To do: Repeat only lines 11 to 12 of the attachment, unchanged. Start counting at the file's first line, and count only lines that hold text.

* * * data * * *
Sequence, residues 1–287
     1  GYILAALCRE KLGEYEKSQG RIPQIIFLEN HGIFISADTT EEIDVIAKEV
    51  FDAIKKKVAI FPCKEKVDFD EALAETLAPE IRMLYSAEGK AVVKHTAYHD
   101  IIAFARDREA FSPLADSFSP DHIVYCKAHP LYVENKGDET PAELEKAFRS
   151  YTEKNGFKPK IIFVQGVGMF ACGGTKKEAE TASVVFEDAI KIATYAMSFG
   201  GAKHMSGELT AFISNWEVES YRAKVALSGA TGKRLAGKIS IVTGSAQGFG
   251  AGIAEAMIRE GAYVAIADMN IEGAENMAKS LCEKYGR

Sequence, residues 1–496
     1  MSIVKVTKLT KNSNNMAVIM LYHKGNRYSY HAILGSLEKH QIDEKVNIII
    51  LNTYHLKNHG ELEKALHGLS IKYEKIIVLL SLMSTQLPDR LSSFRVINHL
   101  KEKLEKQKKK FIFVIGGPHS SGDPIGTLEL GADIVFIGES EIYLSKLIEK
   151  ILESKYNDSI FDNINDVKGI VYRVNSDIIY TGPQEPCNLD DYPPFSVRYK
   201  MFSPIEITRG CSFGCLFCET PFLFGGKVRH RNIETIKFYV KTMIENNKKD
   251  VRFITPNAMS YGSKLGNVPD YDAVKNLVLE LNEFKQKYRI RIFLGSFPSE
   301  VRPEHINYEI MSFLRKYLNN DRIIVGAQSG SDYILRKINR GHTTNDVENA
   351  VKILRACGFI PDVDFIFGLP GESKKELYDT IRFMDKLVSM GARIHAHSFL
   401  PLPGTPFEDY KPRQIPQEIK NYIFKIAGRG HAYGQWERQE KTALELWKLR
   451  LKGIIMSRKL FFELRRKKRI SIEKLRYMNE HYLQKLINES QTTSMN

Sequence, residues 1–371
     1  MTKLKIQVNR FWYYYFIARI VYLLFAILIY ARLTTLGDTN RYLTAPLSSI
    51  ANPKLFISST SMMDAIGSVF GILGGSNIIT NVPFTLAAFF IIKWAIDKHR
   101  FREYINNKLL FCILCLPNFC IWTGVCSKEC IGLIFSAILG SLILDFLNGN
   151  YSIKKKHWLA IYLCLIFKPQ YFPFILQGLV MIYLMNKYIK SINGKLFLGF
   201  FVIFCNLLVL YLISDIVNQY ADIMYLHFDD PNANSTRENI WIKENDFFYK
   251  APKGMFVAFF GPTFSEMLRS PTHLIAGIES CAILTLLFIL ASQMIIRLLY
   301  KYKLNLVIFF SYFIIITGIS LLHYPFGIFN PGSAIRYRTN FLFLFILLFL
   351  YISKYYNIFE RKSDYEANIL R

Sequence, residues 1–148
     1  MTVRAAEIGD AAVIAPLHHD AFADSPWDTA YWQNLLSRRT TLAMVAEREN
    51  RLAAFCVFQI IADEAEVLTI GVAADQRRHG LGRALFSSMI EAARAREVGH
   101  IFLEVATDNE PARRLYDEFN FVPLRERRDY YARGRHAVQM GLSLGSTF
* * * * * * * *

   101  KEKLEKQKKK FIFVIGGPHS SGDPIGTLEL GADIVFIGES EIYLSKLIEK
   151  ILESKYNDSI FDNINDVKGI VYRVNSDIIY TGPQEPCNLD DYPPFSVRYK